Nick Baker is Hinesburg’s new interim fire chief.

He replaces longtime chief Al Barber, who resigned last month after what some residents called homophobic and misogynistic memes surfaced on his public Facebook profile. He remains on the job until July 1.

Hinesburg town manager Todd Odit said there were three candidates for the interim job and what separated Baker from the other candidates was his education and experience. Baker served as an interim fire chief for a volunteer fire crew in Canterbury, N.H.

Nick Baker

Nick Baker

Baker joined the Hinesburg department as a volunteer in March. He is still a full-time firefighter and paramedic with the Hanover, N.H., fire department. He and his wife moved to Hinesburg in November when she took a job as a physician at the University of Vermont Medical Center.

Baker said he’s had experience managing people, a budget and “the town government side of how do run a department.”

One of Baker’s first tasks is to make a recommendation to Odit on whether the Hinesburg department needs a full-time chief — the choice Barber, who served part time, advocates.

If Hinesburg keeps its part-time chief, Baker said he might be a candidate, but he’s not interested in serving full-time. He doesn’t want to lose the pension he’s built up during his five years on the job in Hanover, N.H.

Baker works a 24-hour shift in New Hampshire, which averages out to eight days of work a month. The commute to Hanover takes about an hour and half, he said.

“I always joke with my wife that she commutes more than I do, driving back and forth to Burlington,” Baker said. “I will continue to work for Hanover, New Hampshire. I have no intentions of leaving.”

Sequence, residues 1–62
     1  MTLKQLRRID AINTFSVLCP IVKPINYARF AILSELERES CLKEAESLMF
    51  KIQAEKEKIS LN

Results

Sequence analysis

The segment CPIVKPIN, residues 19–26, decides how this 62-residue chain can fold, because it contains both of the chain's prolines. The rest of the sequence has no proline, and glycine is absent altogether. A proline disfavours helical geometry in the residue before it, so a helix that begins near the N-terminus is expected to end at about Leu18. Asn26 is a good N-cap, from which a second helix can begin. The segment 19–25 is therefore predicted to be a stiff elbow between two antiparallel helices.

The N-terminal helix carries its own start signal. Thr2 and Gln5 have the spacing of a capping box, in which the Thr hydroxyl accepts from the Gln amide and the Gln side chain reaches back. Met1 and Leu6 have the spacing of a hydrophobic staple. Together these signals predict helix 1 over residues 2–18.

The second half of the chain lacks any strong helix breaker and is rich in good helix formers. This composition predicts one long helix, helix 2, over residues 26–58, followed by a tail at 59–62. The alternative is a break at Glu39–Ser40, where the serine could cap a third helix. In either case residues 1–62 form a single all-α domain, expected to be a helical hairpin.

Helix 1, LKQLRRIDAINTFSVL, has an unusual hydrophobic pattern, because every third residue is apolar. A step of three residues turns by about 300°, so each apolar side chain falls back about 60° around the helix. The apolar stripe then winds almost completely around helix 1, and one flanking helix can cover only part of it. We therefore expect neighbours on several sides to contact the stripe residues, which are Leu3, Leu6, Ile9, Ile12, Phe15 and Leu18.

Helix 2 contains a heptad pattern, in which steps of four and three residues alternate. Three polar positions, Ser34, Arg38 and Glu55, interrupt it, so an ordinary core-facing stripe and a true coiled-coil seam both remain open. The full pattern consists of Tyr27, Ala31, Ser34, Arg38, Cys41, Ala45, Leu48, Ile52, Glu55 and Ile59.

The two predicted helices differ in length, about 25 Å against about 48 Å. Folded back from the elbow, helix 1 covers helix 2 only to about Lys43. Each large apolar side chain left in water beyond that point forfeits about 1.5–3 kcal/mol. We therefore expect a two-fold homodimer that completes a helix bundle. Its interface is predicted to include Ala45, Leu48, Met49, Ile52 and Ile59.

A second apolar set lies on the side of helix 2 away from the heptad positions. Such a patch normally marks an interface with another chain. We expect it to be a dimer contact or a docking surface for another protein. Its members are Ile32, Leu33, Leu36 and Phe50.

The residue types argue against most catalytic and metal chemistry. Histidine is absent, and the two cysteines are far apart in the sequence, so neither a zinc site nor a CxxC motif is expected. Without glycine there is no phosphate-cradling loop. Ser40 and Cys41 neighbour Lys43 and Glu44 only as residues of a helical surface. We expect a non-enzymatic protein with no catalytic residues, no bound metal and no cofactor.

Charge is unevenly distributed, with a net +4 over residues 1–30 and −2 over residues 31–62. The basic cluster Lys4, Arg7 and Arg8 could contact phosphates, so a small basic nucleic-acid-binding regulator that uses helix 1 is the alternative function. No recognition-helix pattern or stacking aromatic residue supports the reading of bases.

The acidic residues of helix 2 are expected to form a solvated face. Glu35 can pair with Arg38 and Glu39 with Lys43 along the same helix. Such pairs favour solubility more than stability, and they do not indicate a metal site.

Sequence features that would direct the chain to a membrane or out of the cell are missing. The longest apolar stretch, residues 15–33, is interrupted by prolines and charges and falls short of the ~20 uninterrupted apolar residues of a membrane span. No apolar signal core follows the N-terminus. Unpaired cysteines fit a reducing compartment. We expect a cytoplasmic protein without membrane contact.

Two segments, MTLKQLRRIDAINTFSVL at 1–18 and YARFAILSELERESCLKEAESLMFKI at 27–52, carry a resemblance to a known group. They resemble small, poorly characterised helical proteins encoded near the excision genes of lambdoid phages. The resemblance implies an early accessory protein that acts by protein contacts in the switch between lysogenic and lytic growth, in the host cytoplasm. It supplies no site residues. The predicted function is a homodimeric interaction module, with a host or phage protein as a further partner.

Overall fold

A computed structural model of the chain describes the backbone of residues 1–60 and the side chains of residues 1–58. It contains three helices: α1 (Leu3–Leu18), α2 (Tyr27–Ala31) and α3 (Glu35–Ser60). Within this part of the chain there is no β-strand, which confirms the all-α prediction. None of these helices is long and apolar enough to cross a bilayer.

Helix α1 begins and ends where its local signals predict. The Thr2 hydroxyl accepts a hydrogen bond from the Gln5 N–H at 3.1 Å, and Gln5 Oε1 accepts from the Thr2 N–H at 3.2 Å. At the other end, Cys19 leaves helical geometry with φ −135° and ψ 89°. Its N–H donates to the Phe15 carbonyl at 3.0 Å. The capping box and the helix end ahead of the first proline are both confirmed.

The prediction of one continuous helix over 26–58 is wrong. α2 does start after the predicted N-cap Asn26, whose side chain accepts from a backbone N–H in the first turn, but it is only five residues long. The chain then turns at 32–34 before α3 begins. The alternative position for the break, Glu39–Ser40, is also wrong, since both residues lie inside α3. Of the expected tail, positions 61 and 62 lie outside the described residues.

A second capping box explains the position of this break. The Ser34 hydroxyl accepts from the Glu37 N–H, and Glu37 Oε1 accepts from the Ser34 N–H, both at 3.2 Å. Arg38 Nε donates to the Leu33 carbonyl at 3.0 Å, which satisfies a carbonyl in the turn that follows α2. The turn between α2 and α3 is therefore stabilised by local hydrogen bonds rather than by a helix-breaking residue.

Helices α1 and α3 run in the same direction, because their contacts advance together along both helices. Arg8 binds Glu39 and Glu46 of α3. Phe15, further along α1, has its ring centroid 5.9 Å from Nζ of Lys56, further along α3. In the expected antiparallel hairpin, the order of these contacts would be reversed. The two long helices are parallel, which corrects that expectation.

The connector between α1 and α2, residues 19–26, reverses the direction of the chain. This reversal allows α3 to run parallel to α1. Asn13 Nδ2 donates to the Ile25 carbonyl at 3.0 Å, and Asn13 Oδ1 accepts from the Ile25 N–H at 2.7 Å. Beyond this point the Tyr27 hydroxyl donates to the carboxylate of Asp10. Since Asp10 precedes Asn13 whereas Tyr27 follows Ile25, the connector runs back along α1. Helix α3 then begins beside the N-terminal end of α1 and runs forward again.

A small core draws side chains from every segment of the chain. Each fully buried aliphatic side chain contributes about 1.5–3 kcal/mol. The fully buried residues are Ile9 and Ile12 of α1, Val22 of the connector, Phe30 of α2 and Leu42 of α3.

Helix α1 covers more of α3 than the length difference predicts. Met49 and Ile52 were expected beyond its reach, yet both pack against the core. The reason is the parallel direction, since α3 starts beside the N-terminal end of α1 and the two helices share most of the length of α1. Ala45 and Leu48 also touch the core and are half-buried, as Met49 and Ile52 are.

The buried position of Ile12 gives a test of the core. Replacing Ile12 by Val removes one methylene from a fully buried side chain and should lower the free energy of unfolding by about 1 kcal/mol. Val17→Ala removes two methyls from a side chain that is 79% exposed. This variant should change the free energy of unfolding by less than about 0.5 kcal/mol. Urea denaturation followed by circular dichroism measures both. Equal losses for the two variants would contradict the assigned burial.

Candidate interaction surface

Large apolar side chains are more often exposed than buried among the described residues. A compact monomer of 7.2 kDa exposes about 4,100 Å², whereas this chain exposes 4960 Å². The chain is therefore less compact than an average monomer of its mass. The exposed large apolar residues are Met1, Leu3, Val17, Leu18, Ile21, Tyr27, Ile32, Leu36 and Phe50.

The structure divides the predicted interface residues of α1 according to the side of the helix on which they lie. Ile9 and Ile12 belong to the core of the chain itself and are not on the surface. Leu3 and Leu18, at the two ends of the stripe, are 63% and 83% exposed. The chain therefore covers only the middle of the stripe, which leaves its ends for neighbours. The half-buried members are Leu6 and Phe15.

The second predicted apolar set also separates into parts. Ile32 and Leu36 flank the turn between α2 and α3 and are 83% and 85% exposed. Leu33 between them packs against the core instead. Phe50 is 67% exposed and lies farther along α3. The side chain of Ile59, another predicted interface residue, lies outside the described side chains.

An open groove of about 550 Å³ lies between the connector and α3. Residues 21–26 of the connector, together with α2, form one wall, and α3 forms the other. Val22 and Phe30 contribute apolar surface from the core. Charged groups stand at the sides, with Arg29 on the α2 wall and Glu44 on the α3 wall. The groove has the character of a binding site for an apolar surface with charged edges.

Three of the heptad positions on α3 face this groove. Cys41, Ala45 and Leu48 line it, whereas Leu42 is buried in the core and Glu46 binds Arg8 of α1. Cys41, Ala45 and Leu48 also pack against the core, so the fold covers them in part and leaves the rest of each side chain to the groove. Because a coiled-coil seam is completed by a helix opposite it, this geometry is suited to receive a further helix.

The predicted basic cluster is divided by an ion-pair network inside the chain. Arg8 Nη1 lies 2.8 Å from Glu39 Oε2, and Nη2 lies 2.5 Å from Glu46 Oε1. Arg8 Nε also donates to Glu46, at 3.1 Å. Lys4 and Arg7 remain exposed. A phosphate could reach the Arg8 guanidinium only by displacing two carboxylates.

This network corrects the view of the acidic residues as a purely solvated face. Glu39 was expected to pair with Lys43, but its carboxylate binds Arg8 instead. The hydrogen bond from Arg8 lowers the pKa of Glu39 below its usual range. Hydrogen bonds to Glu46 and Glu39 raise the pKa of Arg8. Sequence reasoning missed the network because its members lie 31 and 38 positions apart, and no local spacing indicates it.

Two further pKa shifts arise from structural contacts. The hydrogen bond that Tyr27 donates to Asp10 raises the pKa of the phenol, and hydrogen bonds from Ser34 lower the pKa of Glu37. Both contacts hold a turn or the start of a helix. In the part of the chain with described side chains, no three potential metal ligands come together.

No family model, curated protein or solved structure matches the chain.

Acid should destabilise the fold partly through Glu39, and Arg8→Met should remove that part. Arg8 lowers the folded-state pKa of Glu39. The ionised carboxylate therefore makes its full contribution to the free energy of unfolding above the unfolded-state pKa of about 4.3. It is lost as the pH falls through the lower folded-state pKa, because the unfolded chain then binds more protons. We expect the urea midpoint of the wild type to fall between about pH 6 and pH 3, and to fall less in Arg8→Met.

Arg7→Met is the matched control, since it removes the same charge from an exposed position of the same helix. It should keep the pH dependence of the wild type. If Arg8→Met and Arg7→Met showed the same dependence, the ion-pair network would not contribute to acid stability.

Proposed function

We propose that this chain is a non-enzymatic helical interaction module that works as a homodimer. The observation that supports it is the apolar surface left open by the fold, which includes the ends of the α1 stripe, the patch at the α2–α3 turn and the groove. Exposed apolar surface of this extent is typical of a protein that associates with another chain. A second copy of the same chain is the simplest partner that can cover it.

Baker will remain interim fire chief while Odit decides on a permanent replacement.

Barber said he had already planned to retire in October. The meme that initiated calls for Barber to be fired or resign depicted two men eating a banana with the caption, “How men that want to ban guns eat bananas.”

Many, including Barber, called the meme homophobic. He said he hadn’t even look at it before sharing the post on his Facebook account, which he has since shut down.

Barber said he moved up his retirement to July 1 to coincide with the town’s budget year.

Odit couldn’t say how long a decision on Barber’s permanent replacement will take. “Our first priority will be getting the two full-time positions that are authorized in the budget on board,” he said.

At least one of those positions will be staffed by someone qualified to serve on both the fire department and the new ambulance service the town is forming. The plan is to have someone at the station as much as possible, ready to respond to either medical or fire calls.

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